Note to Self: I forgive you.

What would your day be like if you forgave yourself?

There was recently a dust up about non librarian bloggers and the number of ARCs they were taking at ALA.  I’m not really going to get into the nitty gritty; but, one post caught my attention.  Go read that post and click to your heart’s content to get caught up on the issue if you are interested.  For this post, all you need to understand is that a librarian who happens to write a blog I read regularly, tweeted something that upset people and that she most likely regretted.  She apologized on her blog and then I’m guessing there was a pile up of chastising and shaming.

We’ve all done, said, written, tweeted, and/or reacted in a way that we’ve sometimes instantly, sometimes later regretted.

This is how to handle it:

Take deep breaths.  I mean it.  Try to think calmly and rationally and deter any panic you feel.  When you feel that you can make a calm and rational statement, apologize without excuse.  Just apologize sincerely.  Have a friend look it over if you want it double checked before you send it.

Now is when the fun begins because humans love to pile on in a big shaming scrum.  It won’t matter that you apologized.  Especially in the digital world, folks will weigh in on why you are mean, stupid, insensitive, wrong or a horrible person.  If you can, try not to read and respond to any of it.  If you have a trusted friend/colleague have them review the responses in case there is one that is insightful or worthy of response.

Some folks would think because perhaps you ignited the fire, you should stand in the flames.  I don’t agree with this at all, especially when there is little value coming from the response.  I think it is a completely legitimate and reasonable choice not to read it.

Next:  forgive yourself.  If you are spending energy going over and over and over in your head what is happening and feeling shame and regret, you really need to forgive yourself.  You need to have empathy and compassion for yourself and accept that you did it, reflect on how you would handle it differently next time and move on.  MOVE ON!  One technique for this “letting go” is to mentally label.  When ever you feel tempted to read the flame war or your mind starts fueling the shame, create a label you can say in your head that will trigger you to move on to thinking about something else.  You could follow up your label with a question:  what would I tell my friend if she were in this situation?  Whenever I suspect I’m judging myself too harshly, I always wonder what I would think if it happened to someone else.  I catch myself having more compassion for others.  I would never subject others to some of the judgey thoughts I think about my own behavior.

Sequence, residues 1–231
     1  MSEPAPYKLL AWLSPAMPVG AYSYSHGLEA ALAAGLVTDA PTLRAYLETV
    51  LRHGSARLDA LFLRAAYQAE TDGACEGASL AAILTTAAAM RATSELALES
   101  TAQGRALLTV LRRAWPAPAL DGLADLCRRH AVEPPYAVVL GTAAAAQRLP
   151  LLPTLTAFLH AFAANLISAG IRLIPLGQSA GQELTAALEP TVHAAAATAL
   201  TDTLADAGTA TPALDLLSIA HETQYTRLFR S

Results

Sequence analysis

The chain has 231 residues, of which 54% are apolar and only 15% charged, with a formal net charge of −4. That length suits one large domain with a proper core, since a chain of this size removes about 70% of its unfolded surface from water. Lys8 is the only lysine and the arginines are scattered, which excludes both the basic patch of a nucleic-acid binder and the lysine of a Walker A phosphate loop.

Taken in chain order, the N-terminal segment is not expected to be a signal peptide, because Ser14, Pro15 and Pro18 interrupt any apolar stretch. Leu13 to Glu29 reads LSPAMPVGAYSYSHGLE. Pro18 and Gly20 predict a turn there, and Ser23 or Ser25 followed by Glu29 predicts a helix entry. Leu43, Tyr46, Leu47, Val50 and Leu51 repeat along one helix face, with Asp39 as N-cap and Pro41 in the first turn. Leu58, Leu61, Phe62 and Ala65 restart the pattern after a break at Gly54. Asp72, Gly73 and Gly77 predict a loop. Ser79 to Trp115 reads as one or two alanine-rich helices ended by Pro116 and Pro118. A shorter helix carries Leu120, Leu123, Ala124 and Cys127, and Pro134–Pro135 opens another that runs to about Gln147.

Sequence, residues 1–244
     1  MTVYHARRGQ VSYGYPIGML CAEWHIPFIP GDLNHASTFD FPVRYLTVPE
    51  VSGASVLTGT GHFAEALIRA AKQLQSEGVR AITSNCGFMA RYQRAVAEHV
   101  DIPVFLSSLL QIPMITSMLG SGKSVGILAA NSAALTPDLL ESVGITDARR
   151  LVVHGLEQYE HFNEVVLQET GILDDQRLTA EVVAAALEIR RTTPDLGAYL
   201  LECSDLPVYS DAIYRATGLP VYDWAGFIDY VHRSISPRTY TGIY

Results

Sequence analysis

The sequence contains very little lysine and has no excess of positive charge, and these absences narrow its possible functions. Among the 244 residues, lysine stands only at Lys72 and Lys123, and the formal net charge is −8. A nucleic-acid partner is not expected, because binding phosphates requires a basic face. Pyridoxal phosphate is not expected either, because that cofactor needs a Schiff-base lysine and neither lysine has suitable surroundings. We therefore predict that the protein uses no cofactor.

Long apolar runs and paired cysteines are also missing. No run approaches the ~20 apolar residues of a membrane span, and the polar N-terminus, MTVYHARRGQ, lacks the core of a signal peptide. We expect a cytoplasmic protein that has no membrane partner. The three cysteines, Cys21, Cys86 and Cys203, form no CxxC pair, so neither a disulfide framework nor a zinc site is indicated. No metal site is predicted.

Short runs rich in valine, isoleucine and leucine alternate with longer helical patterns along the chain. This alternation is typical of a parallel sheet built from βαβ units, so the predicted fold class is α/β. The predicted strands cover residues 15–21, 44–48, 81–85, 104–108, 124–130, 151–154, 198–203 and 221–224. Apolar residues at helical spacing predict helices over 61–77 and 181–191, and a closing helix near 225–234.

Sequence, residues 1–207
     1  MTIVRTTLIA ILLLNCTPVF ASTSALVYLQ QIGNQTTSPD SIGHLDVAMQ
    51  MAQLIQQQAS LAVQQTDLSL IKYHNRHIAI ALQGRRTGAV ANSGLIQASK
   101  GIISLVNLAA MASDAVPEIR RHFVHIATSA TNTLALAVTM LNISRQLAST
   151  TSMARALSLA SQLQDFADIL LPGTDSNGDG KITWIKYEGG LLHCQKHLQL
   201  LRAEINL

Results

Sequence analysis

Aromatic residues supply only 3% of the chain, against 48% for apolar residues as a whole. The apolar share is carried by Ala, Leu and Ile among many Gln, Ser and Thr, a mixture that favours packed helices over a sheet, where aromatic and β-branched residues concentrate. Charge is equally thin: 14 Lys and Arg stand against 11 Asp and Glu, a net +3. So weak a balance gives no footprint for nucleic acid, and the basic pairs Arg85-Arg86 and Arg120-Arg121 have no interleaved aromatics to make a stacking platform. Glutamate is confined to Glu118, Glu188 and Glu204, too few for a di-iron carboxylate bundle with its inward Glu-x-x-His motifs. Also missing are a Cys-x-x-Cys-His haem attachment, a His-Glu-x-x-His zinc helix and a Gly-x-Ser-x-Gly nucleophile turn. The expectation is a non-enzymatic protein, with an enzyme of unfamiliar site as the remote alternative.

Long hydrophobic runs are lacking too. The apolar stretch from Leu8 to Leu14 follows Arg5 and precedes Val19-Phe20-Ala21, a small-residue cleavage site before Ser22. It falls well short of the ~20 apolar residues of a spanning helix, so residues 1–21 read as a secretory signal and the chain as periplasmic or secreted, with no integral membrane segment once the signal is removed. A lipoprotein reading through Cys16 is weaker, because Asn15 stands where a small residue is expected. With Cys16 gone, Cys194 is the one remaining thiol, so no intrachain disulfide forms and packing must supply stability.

I think Jenica Rogers, author of the post in question, handled this quite nicely.  She apologized, took some heat and then wrote a post officially ending her participation in the discussion.  This second post is an excellent idea and her example is a good reminder that you are in control of how long you participate in the discussion.

Shame is only a powerful force if we allow it to have power over us.  One of my favorite TED people is Brene Brown, a researcher at University of Houston who studies, writes and speaks about vulnerability and shame.  She has created a shame resilience program that is being adopted by mental health practitioners.   She has spoken, what I consider to be brilliant words about vulnerability:

“Vulnerability is the core of shame and fear and our struggle for worthiness, but it appears that it’s also the birthplace of joy, of creativity, of belonging, of love.”

And on the flip side, remember this:  People do things, say things, write things that they regret.  Let them apologize and refrain from shaming.  Shaming is the modern day stoning.  It is hurtful and divisive to all parties involved.

Participate in discussions that create and build connection, inspire ideas and heal wounds.  I guarantee that you will find more joy in life and work.

Bridge Repair

Sometimes we burn bridges.  We might not mean to do it or at the time, we might not care that we are doing it.  But, at some point, we might wish to repair it.  I’m one of those folks that finds it hard to believe that a burned bridge can’t be fixed.  I suppose in some circumstances this is true; but, I tend to think that there are ways to repair these severed relationships.

Hopefully, you are not seeking the repair solely because you now need that person/connection for your own gain, though,  I think that is probably one of the top motivators for people trying to go back and fix something they messed up. Whatever the case, it is almost always in your best interest to repair damaged relationships in your professional life.  It’s best if you take the steps necessary to prevent these types of situations; but, even if you have burned bridges, there is hope.

So, how do you fix a burned bridge?

There are some steps you can take; but, your motivation has to be sincere.  Even if you are driven to repair it because you find yourself in a situation where you need to reconnect with that person, you still need to truly and sincerely wish that you handled things differently.

Bridge Repair 101

1.  Make two lists.  The first will contain a list of the things that YOU did to participate in the demise of the connection.  Next you will make a list of all the reasons why you did what you did.  If you did it right, the second list will be way longer.